Sunday, March 6, 2016

St. Patrick’s Day and jokes based on stereotypes

St. Patrick’s Day is coming up. Inevitably, we’ll be hearing lots of jokes about drunken Irish alcoholics. Using stereotypes for jokes is a bad idea. It’s so unfair to lump a group of people together and make fun of them just because of where they or their ancestors came from.  For example, there are many people of Irish ancestry who don’t abuse alcohol at all. Many prefer to pop pills or smoke dope. They might partake of legal drugs when they can get a prescription for painkillers or sedatives, or illegal drugs when they can’t.

Here are some jokes for St. Patrick’s Day, many of which are examples of terrible stereotyping.

Two Irish guys walked out of a bar on St. Patrick’s Day. Hey, it could happen. (I heard that one from Jimmy Shubert when he was at The Comedy Zone.)

Why can't you borrow money from a leprechaun? Because they're always a little short.

Why wasn't Jesus born in Ireland? He couldn't find three wise men or a virgin.

How does every Irish joke start? By looking over your shoulder.

Why don't you iron 4-leaf clovers? Because you don’t want to press your luck.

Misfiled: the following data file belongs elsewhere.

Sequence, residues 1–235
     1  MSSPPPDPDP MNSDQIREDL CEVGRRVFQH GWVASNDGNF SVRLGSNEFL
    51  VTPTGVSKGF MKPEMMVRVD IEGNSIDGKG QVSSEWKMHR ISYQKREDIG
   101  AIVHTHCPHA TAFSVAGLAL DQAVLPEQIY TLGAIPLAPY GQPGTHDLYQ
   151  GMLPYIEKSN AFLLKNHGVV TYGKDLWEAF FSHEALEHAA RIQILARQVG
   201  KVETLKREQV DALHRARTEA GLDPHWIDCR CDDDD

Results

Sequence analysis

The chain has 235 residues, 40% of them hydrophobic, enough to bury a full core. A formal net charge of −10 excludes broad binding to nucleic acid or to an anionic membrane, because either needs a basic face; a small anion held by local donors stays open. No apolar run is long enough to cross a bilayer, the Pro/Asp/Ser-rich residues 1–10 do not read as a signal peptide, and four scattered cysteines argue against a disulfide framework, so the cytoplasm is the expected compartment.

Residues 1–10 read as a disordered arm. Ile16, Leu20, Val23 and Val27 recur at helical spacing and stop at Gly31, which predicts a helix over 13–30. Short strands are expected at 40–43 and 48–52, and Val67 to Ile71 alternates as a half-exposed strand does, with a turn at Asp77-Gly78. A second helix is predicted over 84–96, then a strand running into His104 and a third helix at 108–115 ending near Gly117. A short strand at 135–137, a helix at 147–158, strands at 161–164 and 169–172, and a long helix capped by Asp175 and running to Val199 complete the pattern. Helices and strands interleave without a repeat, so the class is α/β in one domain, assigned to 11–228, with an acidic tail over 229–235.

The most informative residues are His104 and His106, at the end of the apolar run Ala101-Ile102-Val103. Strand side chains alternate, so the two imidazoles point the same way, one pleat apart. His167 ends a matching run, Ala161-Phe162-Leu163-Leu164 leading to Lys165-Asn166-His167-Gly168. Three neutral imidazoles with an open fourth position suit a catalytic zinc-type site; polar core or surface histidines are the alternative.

What do you call an Irishman who knows how to control his wife? A bachelor.

What's the main difference between an Irish wedding and an Irish funeral? One less drunk at the reception.

Are people jealous of the Irish? Sure, they're green with envy!

Why are leprechauns so hard to get along with? Because they're very short-tempered!

If you're lucky enough to be Irish... you're lucky enough!

"Hey," said a new arrival in the pub, "I've got some great Irish jokes."
"Before you start," said the big guy in the corner, " I'm Irish."
"That’s OK," said the newcomer, "I'll tell the jokes slowly."

An Irish Blessing

May your glass be ever full.
May the roof over your head be always strong.
And may you be in heaven half an hour before the devil knows you’re dead.

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Further reading. 

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